Guidelines for Management of Menopausal Symptoms Issued
Care should be personalized; lowest effective dose recommended for shortest time to relieve symptoms
MONDAY, Jan. 6, 2014 (HealthDay News) -- Evidence-based treatment guidelines for menopause management include personalizing treatment for optimal symptom relief, according to a Practice Bulletin published in the January issue of Obstetrics & Gynecology.
Researchers from the American College of Obstetricians and Gynecologists have produced evidence-based guidelines for the management of menopausal symptoms. These symptoms include vasomotor (hot flushes) and vaginal symptoms (symptoms of vaginal atrophy), but the most commonly reported symptoms are vasomotor, with prevalence of 50 to 82 percent.
Based on good or consistent scientific evidence, the researchers recommend systemic hormone therapy, with the most effective therapy for vasomotor symptoms estrogen alone or in combination with progestin. A better adverse effect profile is seen with low-dose and ultra-low systemic doses of estrogen compared with standard doses. Health care providers should personalize care and treat women with the lowest effective dose of hormone therapy for the shortest duration needed to relieve symptoms, given the associated risks, which include thromboembolic disease and breast cancer for combined systemic hormone therapy. Alternatives to hormone therapy include selective serotonin reuptake inhibitors, gabapentin, and paroxetine for vasomotor symptoms. Estrogen therapy effectively relieves menopause-related atrophic vaginal symptoms. Scientific evidence is too limited or inconsistent to support use of progestin-only medication, testosterone, compounded bioidentical hormones, phytoestrogens, herbal supplements, or lifestyle modifications for the treatment of vasomotor symptoms. Common sense lifestyle solutions are reasonable for managing vasomotor symptoms.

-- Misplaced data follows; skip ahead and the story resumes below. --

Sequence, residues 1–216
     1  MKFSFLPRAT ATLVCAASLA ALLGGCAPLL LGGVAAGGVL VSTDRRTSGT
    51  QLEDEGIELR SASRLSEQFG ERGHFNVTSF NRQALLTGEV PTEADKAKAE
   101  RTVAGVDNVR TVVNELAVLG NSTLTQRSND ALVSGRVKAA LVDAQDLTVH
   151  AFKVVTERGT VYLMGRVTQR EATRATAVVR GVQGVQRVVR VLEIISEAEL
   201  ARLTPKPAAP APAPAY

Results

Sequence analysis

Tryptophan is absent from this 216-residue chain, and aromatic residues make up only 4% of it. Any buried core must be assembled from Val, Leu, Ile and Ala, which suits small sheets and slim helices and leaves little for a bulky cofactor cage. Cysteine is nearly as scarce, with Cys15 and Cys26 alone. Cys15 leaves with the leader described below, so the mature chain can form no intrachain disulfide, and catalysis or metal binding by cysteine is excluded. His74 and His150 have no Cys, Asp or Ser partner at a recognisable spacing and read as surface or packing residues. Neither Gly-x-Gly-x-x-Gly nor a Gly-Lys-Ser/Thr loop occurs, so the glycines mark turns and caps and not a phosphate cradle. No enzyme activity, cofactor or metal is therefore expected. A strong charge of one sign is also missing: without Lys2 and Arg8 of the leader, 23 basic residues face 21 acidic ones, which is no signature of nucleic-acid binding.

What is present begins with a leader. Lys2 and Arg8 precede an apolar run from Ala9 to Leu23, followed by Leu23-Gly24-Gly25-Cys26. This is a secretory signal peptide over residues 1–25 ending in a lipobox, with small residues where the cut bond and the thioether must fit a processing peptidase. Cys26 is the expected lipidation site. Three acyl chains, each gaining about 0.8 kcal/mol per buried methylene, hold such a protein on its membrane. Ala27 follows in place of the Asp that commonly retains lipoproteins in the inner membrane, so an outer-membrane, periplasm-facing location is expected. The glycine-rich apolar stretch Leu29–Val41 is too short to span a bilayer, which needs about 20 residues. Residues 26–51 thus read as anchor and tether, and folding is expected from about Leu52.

"The purpose of this document is to provide evidence-based guidelines for the treatment of vasomotor and vaginal symptoms related to natural and surgical menopause," the authors write.